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Take Five With Scott Forrey

AAJ Staff By

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Meet Scott Forrey: Scott Forrey has played trumpet with jazz, funk, Latin, and avant-garde bands for more that 30 years. He was both a student and faculty member at Berklee College of Music in the 1980s, where he studied improvisation with saxophonist George Garzone and bassist Miroslav Vitous.

Scott Forrey / Vector Trio



Among his interests are composition, arranging and scoring film, digital recording technology, and collaborating with poets and other artists. In 1999 Scott contributed to the score of the independent British feature film Motion, directed by Tom Clay. Vector Trio represents the culmination of years of exploration into live improvisation, musical experimentation, and electronics.

Instrument(s):

Trumpet.

Teachers and/or influences?

George Garzone, Miroslav Vitous, and Wes Hensel were all great teachers; influences include Miles Davis, Ornette Coleman, James Blood Ulmer, and Don Cherry.

I knew I wanted to be a musician when...

I heard Louis Armstrong's recording of "Basin Street Blues" in 1974.

Your sound and approach to music:

With Vector Trio, my sound is highly processed—I play trumpet through an array of effects and looping devices. I try to create textures and lines that are not easily identifiable in terms of what instrument you are hearing.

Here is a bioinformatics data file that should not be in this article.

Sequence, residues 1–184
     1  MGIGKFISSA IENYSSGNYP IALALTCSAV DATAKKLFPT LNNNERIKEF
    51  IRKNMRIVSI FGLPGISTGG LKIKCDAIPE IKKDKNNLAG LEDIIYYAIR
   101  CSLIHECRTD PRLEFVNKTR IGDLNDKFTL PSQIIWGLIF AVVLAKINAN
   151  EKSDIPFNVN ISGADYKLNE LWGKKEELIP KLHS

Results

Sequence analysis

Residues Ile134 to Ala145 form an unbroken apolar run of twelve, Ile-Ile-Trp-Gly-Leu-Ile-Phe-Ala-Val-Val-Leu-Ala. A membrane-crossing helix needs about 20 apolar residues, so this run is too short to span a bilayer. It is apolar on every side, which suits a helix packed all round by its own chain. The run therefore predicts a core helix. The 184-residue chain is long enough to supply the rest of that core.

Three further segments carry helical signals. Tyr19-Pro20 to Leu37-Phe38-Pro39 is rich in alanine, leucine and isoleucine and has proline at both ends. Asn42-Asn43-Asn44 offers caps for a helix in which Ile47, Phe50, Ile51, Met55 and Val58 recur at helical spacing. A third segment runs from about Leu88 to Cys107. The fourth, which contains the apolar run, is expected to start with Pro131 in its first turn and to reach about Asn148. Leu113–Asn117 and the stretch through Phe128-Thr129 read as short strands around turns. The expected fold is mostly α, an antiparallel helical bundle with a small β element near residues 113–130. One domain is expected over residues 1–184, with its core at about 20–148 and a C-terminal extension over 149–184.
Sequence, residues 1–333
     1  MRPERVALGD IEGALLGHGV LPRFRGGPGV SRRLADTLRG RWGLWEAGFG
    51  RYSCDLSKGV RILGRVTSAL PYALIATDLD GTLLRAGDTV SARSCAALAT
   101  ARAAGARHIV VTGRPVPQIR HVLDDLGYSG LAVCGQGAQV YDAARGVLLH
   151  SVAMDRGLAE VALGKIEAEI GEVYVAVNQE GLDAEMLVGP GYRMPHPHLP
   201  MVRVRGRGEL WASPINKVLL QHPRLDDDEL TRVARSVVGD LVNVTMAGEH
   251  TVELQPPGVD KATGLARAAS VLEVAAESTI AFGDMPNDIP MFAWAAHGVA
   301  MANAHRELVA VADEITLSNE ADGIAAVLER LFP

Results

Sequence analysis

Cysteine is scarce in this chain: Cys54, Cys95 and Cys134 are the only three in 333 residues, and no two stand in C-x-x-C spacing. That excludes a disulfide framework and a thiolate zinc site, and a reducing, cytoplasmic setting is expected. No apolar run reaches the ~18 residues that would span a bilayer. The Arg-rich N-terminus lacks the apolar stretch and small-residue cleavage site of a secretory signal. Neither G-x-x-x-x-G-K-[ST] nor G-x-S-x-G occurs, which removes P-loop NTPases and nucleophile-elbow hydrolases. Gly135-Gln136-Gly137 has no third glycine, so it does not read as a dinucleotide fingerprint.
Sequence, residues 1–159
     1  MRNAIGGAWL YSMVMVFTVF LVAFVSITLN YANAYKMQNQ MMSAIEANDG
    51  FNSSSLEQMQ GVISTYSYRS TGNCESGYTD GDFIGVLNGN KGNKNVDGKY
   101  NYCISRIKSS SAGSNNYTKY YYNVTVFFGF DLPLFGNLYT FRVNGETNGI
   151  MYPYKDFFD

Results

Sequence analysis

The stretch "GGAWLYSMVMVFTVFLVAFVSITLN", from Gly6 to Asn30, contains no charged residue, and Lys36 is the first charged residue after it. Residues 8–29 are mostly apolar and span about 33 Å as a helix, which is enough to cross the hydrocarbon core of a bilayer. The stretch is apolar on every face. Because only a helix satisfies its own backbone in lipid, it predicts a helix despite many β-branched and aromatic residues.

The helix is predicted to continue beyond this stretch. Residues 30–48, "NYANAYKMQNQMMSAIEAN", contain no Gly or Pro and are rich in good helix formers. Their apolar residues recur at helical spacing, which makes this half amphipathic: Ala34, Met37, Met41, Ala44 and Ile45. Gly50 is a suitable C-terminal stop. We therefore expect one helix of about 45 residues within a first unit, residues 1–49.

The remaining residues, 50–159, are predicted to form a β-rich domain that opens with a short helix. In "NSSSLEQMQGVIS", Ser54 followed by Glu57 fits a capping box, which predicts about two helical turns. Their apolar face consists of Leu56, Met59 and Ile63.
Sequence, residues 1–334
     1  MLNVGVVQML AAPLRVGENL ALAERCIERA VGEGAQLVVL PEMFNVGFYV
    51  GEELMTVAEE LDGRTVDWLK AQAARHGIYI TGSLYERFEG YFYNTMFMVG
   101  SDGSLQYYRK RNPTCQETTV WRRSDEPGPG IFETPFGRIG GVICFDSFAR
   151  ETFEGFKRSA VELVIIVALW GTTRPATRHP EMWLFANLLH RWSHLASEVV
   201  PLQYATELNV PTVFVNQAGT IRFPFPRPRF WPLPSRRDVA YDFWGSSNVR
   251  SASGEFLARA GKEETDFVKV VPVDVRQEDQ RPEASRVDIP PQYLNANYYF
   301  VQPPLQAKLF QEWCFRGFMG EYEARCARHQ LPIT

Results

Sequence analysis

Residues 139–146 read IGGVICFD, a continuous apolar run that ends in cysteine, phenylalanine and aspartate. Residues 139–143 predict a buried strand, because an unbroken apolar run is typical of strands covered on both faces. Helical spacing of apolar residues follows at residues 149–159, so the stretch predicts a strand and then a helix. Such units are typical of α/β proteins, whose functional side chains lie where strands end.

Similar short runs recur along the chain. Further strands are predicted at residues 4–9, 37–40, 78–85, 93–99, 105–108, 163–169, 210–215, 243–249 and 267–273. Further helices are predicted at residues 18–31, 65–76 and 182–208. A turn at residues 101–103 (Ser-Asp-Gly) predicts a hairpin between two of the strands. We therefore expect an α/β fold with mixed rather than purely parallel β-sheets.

When I play acoustic trumpet, I try to get a little edge on the sound...trumpet should not sound like flugelhorn!

Your dream band:

Right now my dream band is Vector Trio. Lots of musicians I'd love to work with, but right now the trio is what I'm into.

Road story: Your best or worst experience:

Lots of stories from the salsa days, including the whole orchestra being held at gunpoint for two hours by cops who were on some kind of vendetta, while drug dogs sniffed us down. Bizarre.

Favorite venue:

German Bringas's Jazzorca, in Mexico City. A source of endless creativity—it is the locus of experimental music in Mexico.

Your favorite recording in your discography and why?

The newest—Nomina. It's pure improvisation and is very unlike our previous recordings.

What do you think is the most important thing you are contributing musically?

I just play what I need to play and don't worry about anything else.

Did you know...

I want to retire in Guatemala....I love to cook...I read literary criticism to relax.

If I weren't a jazz musician, I would be a:

Short-story writer or poet.

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